I am pleased and proud to announce that the Hamlet OCS Study Guide is now available for purchase online!Here is a ten-page preview, for your viewing enjoyment. This Study Guide covers the following:
- Our Basics: getting students on their feet, giving them ownership of specific sections of text, exploring iambic pentameter and the rhythms of prose, discovering acting choices, paraphrasing, introductory level rhetoric, how to turn your classroom into an early modern stage, and the hidden guidance of embedded stage directions and audience contact
- 15 questions your students will ask (Did Ophelia kill herself? Is Hamlet in love with his mother?) and how to deal with them.
- Staging Challenges: Darkness — The opening scene of Hamlet is one of the best examples of how Shakespeare uses his staging conditions and the talents of his actors in order to set a mood. Your students will explore the information Shakespeare provides about how to “act darkness.”
- Perspectives: Catching Consciences — Did early modern theatre improve the moral judgment of its audiences, or did it lead them into lives of sin? How did this viewpoint influence Hamlet’s attempt to learn Claudius’s guilt through The Mouse-trap? And how does media continue to influence behavior — or does it?
- Staging Challenges: Heard and Overheard — Hamlet’s most famous monologue, “To be or not to be,” is not, as it often gets portrayed in media, a soliloquy. Ophelia, Claudius, and Polonius are all listening — but is Hamlet aware of that? Your students will explore the different opportunities presented by this scene and how those choices can affect the audience’s perception of Hamlet’s “antic disposition.”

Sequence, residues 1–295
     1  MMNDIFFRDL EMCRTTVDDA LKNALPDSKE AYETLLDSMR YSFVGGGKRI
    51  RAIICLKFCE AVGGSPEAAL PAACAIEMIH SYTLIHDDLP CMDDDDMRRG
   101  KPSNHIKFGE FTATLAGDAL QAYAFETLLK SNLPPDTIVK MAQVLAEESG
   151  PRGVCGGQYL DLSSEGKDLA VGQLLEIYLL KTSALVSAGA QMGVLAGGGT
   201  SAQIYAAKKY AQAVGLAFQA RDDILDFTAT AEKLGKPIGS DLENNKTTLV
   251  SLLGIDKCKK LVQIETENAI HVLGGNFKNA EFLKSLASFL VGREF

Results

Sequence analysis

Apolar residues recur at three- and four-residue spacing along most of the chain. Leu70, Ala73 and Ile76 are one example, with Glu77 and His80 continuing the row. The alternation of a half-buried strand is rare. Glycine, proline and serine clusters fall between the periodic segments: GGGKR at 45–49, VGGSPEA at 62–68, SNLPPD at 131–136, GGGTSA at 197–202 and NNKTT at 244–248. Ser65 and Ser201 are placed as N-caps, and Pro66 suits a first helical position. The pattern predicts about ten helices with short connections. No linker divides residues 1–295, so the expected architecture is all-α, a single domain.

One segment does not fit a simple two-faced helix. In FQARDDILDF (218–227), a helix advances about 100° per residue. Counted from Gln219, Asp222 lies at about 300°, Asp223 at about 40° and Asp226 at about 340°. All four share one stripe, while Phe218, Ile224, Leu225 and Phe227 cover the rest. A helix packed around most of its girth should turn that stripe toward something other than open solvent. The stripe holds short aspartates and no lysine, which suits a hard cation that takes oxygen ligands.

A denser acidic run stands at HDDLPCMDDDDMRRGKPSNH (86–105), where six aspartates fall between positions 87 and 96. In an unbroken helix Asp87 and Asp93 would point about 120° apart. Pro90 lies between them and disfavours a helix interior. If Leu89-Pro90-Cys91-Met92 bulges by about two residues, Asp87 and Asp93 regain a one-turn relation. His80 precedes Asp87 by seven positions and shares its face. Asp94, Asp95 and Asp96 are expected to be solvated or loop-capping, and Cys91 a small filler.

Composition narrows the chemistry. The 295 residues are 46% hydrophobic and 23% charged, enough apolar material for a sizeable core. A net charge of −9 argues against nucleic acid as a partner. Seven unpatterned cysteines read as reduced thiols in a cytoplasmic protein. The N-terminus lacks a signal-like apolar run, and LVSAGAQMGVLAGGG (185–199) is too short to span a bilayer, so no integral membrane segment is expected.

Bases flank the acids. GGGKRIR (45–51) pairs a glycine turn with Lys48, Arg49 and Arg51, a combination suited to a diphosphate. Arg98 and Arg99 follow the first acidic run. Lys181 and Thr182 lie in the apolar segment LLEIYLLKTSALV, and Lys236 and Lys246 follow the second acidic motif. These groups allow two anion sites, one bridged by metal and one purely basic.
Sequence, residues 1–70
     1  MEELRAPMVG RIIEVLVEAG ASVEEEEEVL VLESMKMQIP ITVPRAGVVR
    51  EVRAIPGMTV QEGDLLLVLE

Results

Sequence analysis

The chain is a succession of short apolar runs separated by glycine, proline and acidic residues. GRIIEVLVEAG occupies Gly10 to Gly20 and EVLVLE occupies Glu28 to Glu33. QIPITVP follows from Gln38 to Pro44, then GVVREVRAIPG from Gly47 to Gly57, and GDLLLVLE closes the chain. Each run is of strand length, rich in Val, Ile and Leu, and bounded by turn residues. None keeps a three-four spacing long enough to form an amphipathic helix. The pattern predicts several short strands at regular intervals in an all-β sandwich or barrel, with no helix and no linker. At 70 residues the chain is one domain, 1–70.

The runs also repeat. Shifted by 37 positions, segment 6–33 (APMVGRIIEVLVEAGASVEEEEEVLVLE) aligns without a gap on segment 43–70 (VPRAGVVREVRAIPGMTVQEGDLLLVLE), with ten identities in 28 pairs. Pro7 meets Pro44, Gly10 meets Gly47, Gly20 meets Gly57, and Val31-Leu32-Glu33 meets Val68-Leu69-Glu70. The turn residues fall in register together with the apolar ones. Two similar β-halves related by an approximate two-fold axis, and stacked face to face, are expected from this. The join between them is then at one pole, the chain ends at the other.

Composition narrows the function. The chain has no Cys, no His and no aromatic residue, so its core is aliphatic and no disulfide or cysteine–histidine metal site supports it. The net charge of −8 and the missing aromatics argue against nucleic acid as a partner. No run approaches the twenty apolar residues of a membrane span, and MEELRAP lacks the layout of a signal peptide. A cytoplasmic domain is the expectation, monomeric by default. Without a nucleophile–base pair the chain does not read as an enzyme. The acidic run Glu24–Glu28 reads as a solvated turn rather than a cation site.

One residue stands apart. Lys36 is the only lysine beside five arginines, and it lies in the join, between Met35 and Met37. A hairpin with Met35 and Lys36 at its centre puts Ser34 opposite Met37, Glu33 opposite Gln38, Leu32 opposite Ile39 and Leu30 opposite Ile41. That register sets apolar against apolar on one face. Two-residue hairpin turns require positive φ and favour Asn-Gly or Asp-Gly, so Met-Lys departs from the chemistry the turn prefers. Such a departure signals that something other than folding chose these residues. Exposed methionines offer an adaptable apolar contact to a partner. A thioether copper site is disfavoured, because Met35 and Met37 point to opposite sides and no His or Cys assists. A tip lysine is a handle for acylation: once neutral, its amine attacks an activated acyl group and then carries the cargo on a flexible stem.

- Staging Challenges: Placed to the View — Hamlet ends in a bloodbath, so what do you do with all of those bodies left on stage? Your students will explore the staging of the play’s final moments, working through both the technical requirements and the emotional potential.
- Rhetoric: Matter and Art — Polonius talks a lot, and how he says something is often as important as what he says. Your students will look in-depth at his use of two different rhetorical figures to examine what that can tell an actor about his character.
- Textual Variants — Hamlet exists in several early modern editions, with notable variations between them. In this activity, your students will examine some differences between Quarto 1, the supposedly “bad” quarto, and the Folio-standard text.
- Perspectives: Revenge Tragedies — Hamlet fits in with the popular early modern genre of the revenge tragedy, a tradition which gave the stage a number of bloody spectacles and philosophical quandries. Your students will explore Hamlet‘s similarities and differences to two other early modern revenge tragedies, The Spanish Tragedy and The Revenger’s Tragedy, looking at ghosts, poisoned skulls, and the on-stage presence of death.
- Production Choices — How did Shakespeare’s company actually go through the process of putting on a play? How does the OCS negotiate those same challenges today? Your students will explore cutting a script, doubling, casting, and other technical aspects of production. This activity also includes instructions for producing a 1-hour version of the play in your classroom.
If you would like to purchase a downloadable PDF of the Hamlet Study Guide (or any of the others currently available), please visit our website. I’m plugging away at the guide for A Midsummer Night’s Dream, which I hope to have available soon!